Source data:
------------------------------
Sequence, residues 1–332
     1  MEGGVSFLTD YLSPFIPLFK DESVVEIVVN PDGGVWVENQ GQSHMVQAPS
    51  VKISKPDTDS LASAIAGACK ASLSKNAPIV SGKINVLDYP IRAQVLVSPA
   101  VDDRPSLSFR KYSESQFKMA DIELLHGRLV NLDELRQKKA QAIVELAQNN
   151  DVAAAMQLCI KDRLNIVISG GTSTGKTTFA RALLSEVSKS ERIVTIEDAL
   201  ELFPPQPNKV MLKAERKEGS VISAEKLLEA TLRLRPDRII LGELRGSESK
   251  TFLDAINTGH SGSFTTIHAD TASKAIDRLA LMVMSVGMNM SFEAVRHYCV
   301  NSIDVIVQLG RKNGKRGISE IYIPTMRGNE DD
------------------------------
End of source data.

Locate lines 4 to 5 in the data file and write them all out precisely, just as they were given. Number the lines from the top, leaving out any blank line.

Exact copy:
   101  VDDRPSLSFR KYSESQFKMA DIELLHGRLV NLDELRQKKA QAIVELAQNN
   151  DVAAAMQLCI KDRLNIVISG GTSTGKTTFA RALLSEVSKS ERIVTIEDAL